U.S. cities set up wireless networks
Close to 1,000 municipalities worldwide have plans under way
PHILADELPHIA, Pennsylvania (Reuters) -- A number of U.S. cities are becoming giant wireless "hot spots," where Internet users will be able to log on from the beach or a bus stop, a trend that's triggering a fierce backlash from telecom and cable giants.
"We look at this as another utility, just like water, sewer, parks and recreation, that our communities should have," said St. Cloud, Florida, Mayor Glen Sangiovanni, who hopes to provide free wireless service to the entire city by the fall.
At a conference this week, officials from dozens of local governments compared notes, listened to pitches from vendors and discussed ways to counter the lobbying of telecommunications giants that have sought to block them at the state level.
Free or discounted wireless service can spur economic development, improve police patrols and other city services and encourage Internet use in poorer neighborhoods, they said.
Slightly more than 100 U.S. cities -- as big as Philadelphia and as small as Nantucket, Massachusetts -- are setting up wireless networks. Conference organizer Daniel Aghion said close to 1,000 local governments worldwide have plans in the works.
The trend has prompted an intense backlash from the large telecom and cable providers that sell most broadband access in the United States. At their request, 13 states have passed laws restricting cities setting up their own networks, and several others are considering such bans.
"With so many other issues challenging municipalities today, why on earth should cities waste millions of taxpayer dollars to compete with carriers already offering high-speed Internet service?" said Allison Remsen, spokeswoman for the U.S. Telecom Association, which represents incumbents like SBC Communications Inc. and Verizon Communications.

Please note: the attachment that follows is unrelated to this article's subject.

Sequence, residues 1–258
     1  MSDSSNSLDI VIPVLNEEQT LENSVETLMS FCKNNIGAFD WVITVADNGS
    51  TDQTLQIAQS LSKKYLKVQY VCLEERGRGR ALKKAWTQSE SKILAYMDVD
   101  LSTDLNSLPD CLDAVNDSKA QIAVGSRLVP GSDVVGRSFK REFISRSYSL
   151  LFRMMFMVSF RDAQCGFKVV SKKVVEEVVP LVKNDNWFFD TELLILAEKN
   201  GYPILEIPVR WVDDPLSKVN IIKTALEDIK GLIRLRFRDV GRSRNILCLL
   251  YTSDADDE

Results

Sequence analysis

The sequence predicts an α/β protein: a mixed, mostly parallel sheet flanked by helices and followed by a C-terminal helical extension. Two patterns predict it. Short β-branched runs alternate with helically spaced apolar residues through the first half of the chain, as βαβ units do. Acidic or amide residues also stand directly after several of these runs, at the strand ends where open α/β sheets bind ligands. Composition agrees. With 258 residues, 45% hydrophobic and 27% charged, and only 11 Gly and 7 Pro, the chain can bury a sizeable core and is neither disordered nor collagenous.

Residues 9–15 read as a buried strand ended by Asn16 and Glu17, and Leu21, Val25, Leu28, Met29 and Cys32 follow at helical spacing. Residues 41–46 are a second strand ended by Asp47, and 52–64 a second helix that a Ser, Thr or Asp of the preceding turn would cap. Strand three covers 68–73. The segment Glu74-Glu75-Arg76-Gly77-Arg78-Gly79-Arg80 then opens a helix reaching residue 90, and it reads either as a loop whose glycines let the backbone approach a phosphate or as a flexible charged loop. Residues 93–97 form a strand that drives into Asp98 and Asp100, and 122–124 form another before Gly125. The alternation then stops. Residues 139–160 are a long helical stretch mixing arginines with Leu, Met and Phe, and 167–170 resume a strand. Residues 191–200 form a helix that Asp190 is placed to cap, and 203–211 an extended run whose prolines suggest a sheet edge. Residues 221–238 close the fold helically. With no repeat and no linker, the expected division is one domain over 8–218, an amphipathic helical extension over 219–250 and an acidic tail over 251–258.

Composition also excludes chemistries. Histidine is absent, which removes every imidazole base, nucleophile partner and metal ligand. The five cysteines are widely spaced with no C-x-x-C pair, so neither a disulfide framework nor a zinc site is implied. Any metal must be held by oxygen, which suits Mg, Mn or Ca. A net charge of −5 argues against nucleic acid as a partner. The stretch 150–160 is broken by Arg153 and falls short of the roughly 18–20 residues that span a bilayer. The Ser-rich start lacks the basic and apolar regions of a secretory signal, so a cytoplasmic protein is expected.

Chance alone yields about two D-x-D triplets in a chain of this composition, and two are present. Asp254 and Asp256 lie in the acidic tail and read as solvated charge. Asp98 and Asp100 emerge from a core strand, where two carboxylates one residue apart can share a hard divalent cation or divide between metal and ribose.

City officials said they don't want to compete head on with commercial providers but aren't going to be held hostage to their profit concerns.
Providers have shown no interest in setting up broadband wireless service or offering free or discounted rates, they said. Sometimes they refuse to provide any broadband service at all.
"We begged them to deliver the service -- we didn't want to be in this business," said Scottsburg, Indiana, Mayor Bill Graham, who said local businesses threatened to leave his town before it set up its own wireless network.
The legal battles seem to have only increased interest among city officials, especially after squabbles over a Pennsylvania state law made national headlines last year.
"It helped to bring to light what the telecommunications industry was attempting to do," said Philadelphia technology manager Dianah Neff.
Others said the threat of a ban at the state level has spurred them to action.
"We're acting pretty quickly for a municipality of our size, because we don't like to be pre-empted," said Lindy Fleming McGuire, a Chicago City Council staffer.
Smaller wireless startups are rushing to provide the equipment and expertise needed to run city networks.
"Munis don't want to own this at all; they just want the service," said Robert Ford, chief executive of NextPhase Wireless, a service provider.
Rio Rancho, New Mexico, brought in wireless provider OttawaWireless because incumbents didn't reach many areas, assistant city administrator Peggy McCarthy said. Now that the network is up and running, the incumbents' service has grown more competitive, she said.
"The lethargy and apathy with which we had been given DSL and cable have both changed," she said.
Some cities, including Spokane, Washington, found they could easily set up wireless service when they upgrade their emergency communications networks with a little help from the Homeland Security Department. The federal department awarded $925 million last year for communications upgrades.
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